Landscape Maintenance: Keeping Seasonal Color Thriving - The Edge from the National Association of Landscape Professionals

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Landscape Maintenance: Keeping Seasonal Color Thriving

If you offer seasonal color services, the last thing you want is to deal with are complaints from clients about their annuals not looking the best during the summer months.

Since this is the prime time for the landscape to pop, check out some of the main maintenance methods to ensure the flower beds remain thriving.

Water Deeply

Deep, infrequent watering is better than light, frequent watering as this encourages root growth. The goal is to moisten the soils to a depth of 12 inches. Use a water meter to see how deep the water reached. Depending on the types of annuals you use, some may prefer more or less moisture than average.

Try to keep the foliage dry when watering, but if you do have to use overhead sprinklers, try to water disease-prone annuals like zinnias and petunias early in the day so they have a chance to dry off before nighttime. This will lessen the risk of disease.

If the plants are wilting, check the soil moisture first. If it’s moist, don’t water it. Avoid over-watering as saturated soils can lead to root disease.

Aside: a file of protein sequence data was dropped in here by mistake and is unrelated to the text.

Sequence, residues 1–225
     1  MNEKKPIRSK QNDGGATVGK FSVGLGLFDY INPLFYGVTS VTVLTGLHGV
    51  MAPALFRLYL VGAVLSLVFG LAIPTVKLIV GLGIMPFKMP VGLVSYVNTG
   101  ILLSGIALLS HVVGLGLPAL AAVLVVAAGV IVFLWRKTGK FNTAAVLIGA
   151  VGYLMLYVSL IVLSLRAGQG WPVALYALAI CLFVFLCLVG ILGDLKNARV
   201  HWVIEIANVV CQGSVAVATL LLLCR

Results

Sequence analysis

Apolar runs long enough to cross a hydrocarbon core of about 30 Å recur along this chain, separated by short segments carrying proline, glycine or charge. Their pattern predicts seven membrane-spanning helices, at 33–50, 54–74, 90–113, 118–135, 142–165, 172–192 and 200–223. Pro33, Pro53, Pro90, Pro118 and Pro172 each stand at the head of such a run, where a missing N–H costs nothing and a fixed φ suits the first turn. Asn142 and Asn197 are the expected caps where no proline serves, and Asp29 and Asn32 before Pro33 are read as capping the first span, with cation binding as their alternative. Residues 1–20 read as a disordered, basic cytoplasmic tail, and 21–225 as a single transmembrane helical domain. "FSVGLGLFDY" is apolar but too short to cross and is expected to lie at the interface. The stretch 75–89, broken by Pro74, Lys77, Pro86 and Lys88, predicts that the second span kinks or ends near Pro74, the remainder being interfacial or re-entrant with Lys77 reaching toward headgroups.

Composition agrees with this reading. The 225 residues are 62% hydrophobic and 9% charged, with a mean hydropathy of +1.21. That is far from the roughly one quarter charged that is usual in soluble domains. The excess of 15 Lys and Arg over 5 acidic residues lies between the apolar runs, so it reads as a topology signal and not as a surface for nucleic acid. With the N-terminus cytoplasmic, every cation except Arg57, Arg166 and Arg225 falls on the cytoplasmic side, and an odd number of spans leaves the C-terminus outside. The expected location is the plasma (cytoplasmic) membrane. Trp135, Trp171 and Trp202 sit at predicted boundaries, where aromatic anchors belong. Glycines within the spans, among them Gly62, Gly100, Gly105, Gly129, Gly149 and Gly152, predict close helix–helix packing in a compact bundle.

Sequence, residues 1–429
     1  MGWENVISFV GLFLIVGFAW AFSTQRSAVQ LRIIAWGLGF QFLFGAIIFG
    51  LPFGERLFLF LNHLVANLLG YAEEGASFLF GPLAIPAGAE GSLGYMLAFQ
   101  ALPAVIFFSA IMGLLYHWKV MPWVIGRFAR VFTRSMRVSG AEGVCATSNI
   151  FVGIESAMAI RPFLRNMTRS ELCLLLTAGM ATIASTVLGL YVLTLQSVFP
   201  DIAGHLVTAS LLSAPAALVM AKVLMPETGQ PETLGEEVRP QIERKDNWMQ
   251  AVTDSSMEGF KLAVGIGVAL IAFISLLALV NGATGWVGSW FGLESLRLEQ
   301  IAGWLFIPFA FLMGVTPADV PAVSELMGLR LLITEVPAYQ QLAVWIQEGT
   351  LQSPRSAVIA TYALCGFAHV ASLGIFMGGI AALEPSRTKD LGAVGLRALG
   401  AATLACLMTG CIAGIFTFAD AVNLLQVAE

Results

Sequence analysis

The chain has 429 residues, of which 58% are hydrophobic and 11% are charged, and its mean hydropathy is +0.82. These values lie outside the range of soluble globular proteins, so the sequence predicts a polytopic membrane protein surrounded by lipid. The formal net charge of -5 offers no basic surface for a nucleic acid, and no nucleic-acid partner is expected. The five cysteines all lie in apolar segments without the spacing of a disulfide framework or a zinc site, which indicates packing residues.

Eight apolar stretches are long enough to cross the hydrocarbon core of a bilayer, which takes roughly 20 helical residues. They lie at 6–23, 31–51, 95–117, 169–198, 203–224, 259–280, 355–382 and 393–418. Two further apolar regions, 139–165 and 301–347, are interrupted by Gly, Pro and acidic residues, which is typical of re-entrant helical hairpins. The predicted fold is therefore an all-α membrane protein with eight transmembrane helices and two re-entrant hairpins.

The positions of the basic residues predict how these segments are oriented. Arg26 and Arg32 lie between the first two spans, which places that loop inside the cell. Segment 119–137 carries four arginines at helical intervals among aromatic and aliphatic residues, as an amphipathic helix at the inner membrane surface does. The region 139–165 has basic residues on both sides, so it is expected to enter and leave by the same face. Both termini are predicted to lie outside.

Deadhead and Prune

Another way to keep seasonal color beds looking fresh is consistently deadheading. Removing spent flowers from plants like zinnias, marigolds, annual daisies, salvias, cosmos, dahlias, geraniums and petunias encourages them to put out more blooms.

While some newer varieties are “self-cleaning” and will drop the spent flowers without needing any maintenance, others still need to be manually removed. Other annuals produce flowers on the end of long stems. To keep a shapely appearance, prune these stems back every half week to stimulate growth further back on the stems.

Fertilize

Similarly, fertilizing annuals can encourage growth and produce vigorous growing plants with a bounty of flowers. However, don’t be tempted to overdo it with the fertilizer. Too much fertilizer can result in a buildup of soluble salts that damage the roots or mostly foliage growth and no blooms.

Don’t use fertilizers high in nitrogen as this stimulates too much foliage growth. Annual bedding plants respond well to more phosphorus. Make sure the plant is well watered before applying fertilizer. Root injury can occur when soil moisture is limited.

You can use slow-release, granular fertilizer that will last over the season. If your crews visit the site on a more regular basis, they can apply liquid fertilizer every week or two or as needed.

Know When to Replace

If you’ve done everything else in your power to keep the annuals healthy and they’re still not surviving, know when to replace them and try something else. Depending on your area, there may be certain varieties that fail no matter what you do once the late summer heat hits. Take this time to test out other plants that may have a stronger tolerance for brutal conditions.

If it’s just one annual that’s looking bad you can remove it and allow other flowers to fill the space. Opting for a good mixture of flower types will prevent you from having a whole bed fail at once.

Jill Odom

Jill Odom is the content manager for NALP.